At Home with Yourself.

W. B. Yeats called it the ever “widening gyre” *. The image was of a falcon and the falconer who calls the bird to its roost. The bird has flown to a distance it can no longer see or hear its master. “The falcon cannot hear the falconer. Things fall apart. The center cannot hold.” The poem refers to the forces of history or culture that take a person and a civilization away from their true self.

Something like this happens in every age of history, its effects appear in our culture today and our young people are most severely affected. We’re losing a sense of our center, our true selves, and what is most disconcerting – – we don’t sense the loss. The forces that separate falcon from falconer are many and complex. To keep it simple we can point to an imbalance of the “inner world” and the “external world”.

The inner world refers to that realization a person has of himself. His center. His likes and dislikes, personality, characteristics and values. We experience it better that we can talk about it. It’s our soul, our center. Who we are. It’s the “me” that turns when I hear my name called.

The “outer world” of course is that environment outside ourselves; events, persons, circumstances in which we act and are acted upon. Some have called it “the daily grind”.

Between these two poles, the center in me and the world out there, my human life happens. I go out of myself to encounter the world and the people it brings. Then I return to the inner world and the conversation begins. “What was that? Why did that happen? Did I do the right thing?” etc.

These two poles of life, the going out and the returning “home”, need to be in balance. What happens to us in the world needs guidance and judgement from within. What happens within is activated and called out by the world around us.

The problem is the world and its pressing issues, the unending chatter of social media, news and entertainment, is overwhelming the “inner person.” There’s no home in ourselves to return to. We are in turmoil. Things fall apart.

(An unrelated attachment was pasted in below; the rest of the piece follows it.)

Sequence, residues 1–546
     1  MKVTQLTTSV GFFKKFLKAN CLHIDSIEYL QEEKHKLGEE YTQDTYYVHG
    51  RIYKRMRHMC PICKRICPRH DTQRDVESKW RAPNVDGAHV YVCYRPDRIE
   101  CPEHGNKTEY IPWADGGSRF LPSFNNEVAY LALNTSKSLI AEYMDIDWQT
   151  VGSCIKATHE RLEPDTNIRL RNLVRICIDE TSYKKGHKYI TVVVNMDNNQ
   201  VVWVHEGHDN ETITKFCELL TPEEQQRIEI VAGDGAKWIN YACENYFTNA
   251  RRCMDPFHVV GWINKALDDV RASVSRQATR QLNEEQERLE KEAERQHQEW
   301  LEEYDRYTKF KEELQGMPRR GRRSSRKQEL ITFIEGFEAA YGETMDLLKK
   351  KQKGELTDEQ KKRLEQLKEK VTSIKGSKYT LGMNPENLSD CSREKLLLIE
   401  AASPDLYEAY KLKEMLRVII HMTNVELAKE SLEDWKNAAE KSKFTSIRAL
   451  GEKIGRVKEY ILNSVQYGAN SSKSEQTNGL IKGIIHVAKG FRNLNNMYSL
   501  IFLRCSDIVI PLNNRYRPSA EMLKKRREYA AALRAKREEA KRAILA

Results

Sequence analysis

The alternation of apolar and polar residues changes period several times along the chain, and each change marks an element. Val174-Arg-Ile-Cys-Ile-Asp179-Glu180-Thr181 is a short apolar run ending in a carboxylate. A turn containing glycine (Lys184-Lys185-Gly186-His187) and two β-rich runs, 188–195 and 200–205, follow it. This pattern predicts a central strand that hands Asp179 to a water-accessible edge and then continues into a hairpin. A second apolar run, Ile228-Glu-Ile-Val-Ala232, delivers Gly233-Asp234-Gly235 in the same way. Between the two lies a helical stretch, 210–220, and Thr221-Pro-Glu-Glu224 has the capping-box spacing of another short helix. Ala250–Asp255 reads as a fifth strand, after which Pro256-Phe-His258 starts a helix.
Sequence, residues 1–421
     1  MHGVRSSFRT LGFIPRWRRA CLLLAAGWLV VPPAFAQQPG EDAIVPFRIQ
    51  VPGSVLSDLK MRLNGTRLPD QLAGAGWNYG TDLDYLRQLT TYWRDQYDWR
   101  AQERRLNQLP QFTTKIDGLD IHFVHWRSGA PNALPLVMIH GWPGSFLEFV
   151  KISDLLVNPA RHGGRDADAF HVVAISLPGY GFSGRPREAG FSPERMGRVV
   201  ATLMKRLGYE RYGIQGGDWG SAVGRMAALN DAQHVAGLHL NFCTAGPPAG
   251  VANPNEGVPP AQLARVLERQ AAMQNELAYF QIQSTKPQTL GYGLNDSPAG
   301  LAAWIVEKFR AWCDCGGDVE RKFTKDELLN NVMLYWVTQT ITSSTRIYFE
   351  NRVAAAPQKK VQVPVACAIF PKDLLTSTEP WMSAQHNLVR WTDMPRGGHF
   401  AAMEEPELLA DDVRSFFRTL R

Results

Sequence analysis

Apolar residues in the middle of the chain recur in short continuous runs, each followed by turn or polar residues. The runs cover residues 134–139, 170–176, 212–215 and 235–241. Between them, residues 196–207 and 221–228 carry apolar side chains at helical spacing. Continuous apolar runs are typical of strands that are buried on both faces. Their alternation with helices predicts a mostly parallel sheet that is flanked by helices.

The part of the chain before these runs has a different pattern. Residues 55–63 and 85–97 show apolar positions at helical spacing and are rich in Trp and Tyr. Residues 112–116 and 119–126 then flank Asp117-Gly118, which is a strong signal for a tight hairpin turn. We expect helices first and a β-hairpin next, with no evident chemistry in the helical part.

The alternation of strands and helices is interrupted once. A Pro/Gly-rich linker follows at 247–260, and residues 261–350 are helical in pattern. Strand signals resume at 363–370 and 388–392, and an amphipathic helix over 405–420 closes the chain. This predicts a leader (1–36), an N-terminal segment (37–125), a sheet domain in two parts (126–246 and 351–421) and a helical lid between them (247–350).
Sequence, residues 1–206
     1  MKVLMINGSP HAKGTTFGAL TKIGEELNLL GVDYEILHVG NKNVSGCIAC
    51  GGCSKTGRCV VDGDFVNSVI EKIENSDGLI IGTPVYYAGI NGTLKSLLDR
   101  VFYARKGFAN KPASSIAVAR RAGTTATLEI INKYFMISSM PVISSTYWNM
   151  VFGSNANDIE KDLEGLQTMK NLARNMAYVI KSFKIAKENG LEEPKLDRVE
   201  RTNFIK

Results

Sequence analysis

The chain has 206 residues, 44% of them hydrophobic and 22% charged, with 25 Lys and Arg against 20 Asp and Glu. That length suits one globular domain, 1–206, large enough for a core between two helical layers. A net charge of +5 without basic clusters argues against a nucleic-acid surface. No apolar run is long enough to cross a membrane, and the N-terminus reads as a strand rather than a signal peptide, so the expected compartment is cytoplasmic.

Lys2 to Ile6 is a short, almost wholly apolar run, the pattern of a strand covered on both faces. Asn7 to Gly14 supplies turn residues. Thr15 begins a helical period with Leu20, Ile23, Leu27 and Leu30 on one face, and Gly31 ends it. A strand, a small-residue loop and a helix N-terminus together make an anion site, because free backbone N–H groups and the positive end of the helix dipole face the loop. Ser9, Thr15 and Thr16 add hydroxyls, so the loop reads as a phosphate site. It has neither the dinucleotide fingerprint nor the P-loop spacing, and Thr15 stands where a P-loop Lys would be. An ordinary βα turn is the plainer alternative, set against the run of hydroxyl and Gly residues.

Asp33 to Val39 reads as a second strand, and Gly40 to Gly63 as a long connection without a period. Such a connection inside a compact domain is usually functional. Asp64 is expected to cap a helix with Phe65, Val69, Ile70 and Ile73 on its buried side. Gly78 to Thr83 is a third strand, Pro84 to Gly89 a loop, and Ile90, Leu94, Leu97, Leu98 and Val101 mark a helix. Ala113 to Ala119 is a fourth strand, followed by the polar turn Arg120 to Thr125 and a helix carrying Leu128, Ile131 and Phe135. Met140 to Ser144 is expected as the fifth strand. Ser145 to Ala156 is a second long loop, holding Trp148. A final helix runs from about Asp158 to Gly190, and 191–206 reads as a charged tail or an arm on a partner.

In those rare moments when television or internet are turned off, we can grow restless or slightly embarrassed to be “alone with ourselves”.

The sudden quiet catches us off guard and in the silence a weird feeling of being a stranger to ourselves comes over us.

To meet ourselves in such a moment can even frighten us. “Who is this person? It’s ME!!” Oh dear. Me. “What am I going to do with me?”

And so we check our email, text someone, see what’s on TV, phone somebody . . . anything to avoid being with myself.

This estrangement from ourselves has sad consequences for our relationship with God. How can we hear the voice of God if we can’t hear the voice of our own conscience. (that inner voice urging us to “do this.” Or “don’t do that” Or “good job!” Or “shame on you.”)

Remember Jesus telling us “when you talk to God (pray) go to your room. Close the door. And pray to your Father in secret.” Mt. 6:5,6? Why in secret? Because the way God chooses to speak to you is as a friend. And friends give each other their full attention. A friend speaks personally to you like no other, many times quietly, just be- tween the two of you.

In the quiet, over time, we return to ourselves and begin to hear things in our heart once again. I remember one year on retreat at a monastery walking down a country path. Suddenly it happened . . . I heard the wind blowing through the trees. I mean I HEARD THE WIND. I heard it because I was LISTENING.

Later on, if you continue to listen, you can hear the things your heart has wanted to tell God. “Lord, it’s me. I just want to tell you . . .” Many times it’s just being aware of your feeling and giving them to God “who sees.”

So how to end this? Get quiet. Put down the iPhone. Come home to yourself. Re-acquaint yourself to what you’re feeling, thinking, loving, fearing. Then. . . turn to Him. Speak anything (anything!) you want to get off your chest, be grateful for, need help with.

He is there. “Your Father who hears in secret. . . knows what you need.” Mt. 6:8.

That is a promise from Christ. Trust Him.

Fr. Tim

W. B. Yeats, The Second Coming

Prayer for Lent

As we look ahead to our Lenten journey, may our fasting be a hunger for justice and our alms an offering of peace. May our prayers be the reflection of peace and also of humble and grateful hearts. We ask the Holy Spirit to accompany us on this journey of encounter as we spend these 40 days reflecting on what is means to live in solidarity as one global human family. We ask this through our Lord Jesus Christ, who lives and reigns with the Father forever and ever. Amen